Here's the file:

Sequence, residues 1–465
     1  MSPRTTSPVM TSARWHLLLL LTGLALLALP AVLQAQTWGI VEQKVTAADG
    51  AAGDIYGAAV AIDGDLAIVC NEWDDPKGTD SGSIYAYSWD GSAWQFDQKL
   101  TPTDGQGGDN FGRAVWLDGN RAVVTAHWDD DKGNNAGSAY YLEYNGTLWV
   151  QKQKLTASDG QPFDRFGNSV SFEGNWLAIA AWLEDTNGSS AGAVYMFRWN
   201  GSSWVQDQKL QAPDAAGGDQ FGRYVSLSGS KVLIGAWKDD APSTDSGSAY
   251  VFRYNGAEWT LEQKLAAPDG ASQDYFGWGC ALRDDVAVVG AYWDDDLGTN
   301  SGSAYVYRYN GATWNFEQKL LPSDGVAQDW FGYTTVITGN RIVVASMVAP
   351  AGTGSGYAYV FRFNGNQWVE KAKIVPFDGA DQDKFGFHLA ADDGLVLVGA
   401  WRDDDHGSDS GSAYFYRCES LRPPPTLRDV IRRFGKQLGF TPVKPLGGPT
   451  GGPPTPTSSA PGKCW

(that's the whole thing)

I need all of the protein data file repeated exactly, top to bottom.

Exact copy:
Sequence, residues 1–465
     1  MSPRTTSPVM TSARWHLLLL LTGLALLALP AVLQAQTWGI VEQKVTAADG
    51  AAGDIYGAAV AIDGDLAIVC NEWDDPKGTD SGSIYAYSWD GSAWQFDQKL
   101  TPTDGQGGDN FGRAVWLDGN RAVVTAHWDD DKGNNAGSAY YLEYNGTLWV
   151  QKQKLTASDG QPFDRFGNSV SFEGNWLAIA AWLEDTNGSS AGAVYMFRWN
   201  GSSWVQDQKL QAPDAAGGDQ FGRYVSLSGS KVLIGAWKDD APSTDSGSAY
   251  VFRYNGAEWT LEQKLAAPDG ASQDYFGWGC ALRDDVAVVG AYWDDDLGTN
   301  SGSAYVYRYN GATWNFEQKL LPSDGVAQDW FGYTTVITGN RIVVASMVAP
   351  AGTGSGYAYV FRFNGNQWVE KAKIVPFDGA DQDKFGFHLA ADDGLVLVGA
   401  WRDDDHGSDS GSAYFYRCES LRPPPTLRDV IRRFGKQLGF TPVKPLGGPT
   451  GGPPTPTSSA PGKCW